With Westminster’s Sigler Park teeming with children and adults, sirens blared as a couple of police SUVs pursued a sedan.
The trio sped onto the park’s field, surrounded by the crowd standing safely behind police tape and fencing, and the demonstration ensued.
The mock demo was part of Westminster Police Department’s annual Safety Day, held Thursday, July 20 and designed to encourage positive interaction between police and fire, and the residents of the community.
WPD Chief Ralph Ornelas, who mingled with members of the community throughout the event, said the day allows residents to see firsthand how members of law enforcement do their jobs, as well as to help open a line of communication and allow police to be seen on a more human level.
“This type of event makes the public believe in what we’re doing,” Ornelas said.
Indeed, there were plenty of “wows” and “awwws” during the mock demonstration, which turned out to be a pursuit of two “suspects” in the sedan who also held a woman “hostage.”
One of the officers in the pursuit was Travis Hartman, with police K9 Pako, who worked the scenario effectively – and at Hartman’s command, Pako had one of the suspects (who was in full bite suit) in custody.
The second suspect took the female hostage into a yellow school bus set on the field. After Pako’s apprehension, West County SWAT, with sirens wailing, also headed onto the field. The team set off a sound bomb, which is used to disorient suspects with a loud noise and flash of light, as they made their way to the bus. They emerged with the suspect in custody and the hostage now safe.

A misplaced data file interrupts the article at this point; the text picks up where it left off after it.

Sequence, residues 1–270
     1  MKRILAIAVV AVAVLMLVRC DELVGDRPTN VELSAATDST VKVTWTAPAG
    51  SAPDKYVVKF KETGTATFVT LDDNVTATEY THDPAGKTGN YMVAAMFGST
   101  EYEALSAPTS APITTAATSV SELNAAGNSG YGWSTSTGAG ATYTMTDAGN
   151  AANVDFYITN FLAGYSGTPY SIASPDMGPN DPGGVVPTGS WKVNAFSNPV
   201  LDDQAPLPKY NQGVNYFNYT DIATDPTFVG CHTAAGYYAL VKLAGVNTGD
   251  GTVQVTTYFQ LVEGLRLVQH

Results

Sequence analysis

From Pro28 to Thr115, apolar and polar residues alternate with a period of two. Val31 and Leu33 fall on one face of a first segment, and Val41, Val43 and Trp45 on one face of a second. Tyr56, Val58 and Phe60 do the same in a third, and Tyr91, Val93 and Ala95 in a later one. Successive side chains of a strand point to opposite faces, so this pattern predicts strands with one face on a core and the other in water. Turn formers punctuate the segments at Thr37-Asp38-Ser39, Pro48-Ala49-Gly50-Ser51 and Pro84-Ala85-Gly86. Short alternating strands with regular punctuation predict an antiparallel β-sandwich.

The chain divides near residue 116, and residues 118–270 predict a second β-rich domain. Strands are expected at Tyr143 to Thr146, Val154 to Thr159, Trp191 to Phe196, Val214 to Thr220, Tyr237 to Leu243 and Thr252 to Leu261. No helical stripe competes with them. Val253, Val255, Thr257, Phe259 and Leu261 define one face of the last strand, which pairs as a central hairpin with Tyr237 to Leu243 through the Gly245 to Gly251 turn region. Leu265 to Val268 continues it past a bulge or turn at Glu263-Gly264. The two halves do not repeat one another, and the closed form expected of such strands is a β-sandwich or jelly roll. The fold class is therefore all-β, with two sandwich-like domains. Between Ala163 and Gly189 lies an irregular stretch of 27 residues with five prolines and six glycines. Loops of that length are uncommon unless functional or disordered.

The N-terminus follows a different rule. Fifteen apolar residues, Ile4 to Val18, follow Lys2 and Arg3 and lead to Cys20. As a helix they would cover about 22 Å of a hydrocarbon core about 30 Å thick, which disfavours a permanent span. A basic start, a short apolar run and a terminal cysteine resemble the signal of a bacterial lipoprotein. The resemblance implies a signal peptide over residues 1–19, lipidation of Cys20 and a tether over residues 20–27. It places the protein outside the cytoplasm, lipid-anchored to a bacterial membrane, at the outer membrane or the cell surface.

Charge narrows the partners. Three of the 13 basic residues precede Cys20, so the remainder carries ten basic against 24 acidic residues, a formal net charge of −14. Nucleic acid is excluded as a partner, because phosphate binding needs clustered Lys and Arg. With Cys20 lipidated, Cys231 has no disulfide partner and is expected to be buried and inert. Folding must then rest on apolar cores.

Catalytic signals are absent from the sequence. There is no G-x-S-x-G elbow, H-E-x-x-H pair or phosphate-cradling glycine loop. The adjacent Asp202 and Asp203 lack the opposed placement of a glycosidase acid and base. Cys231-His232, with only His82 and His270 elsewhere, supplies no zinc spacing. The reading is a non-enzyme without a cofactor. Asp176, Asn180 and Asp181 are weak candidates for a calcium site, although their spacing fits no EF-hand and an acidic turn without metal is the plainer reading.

“So the SWAT team just saved the lady – let’s hear it for the SWAT team,” Commander Mark Lauderback said to the audience.
The children – and their parents – in the audience were enthralled by the demonstration, which also included an Orange County Fire Authority rescue helicopter landing and taking off from the field.
At the end of the demo, SWAT team members walked along the edge of the crowd smiling, waving and giving high-fives.
“I want their autograph!” one boy yelled out excitedly.
Once given the go-ahead, the kids ran onto the field for a close-up view of the helicopter and SWAT truck, which they were able to board.
Lauderback said this positive interaction is exactly what Safety Day aims to create.
“It gives us the opportunity to interact on a friendly level,” he said. “I think it is accomplishing what we set out for our mission … break down the barrier.”
In addition to the SWAT and K9 demo, Orange County Fire Authority firefighters were on hand with a couple of fire trucks. They ended the event with a victim extraction demonstration, where they took apart a car with axes, saws and other tools to simulate how they would work to free a trapped victim.
Other groups at the event in the various booths throughout the park included the California Highway Patrol, OC Child Support Services, Orange County Vector Control District, Alzheimer’s Orange County, Midway City Sanitary District and Kid Print, which is a digital fingerprint scanner for smartphones.
Kids lined up at the Animal Control and K9 tent to get their chance at petting the serene Pako, as well as a snake currently under Animal Control’s care.
Ornelas said he’s been getting good feedback at community events like this.
“I’m really impressed with the amount of positive comments about the police department and fire department… I feel very pleased about the response.”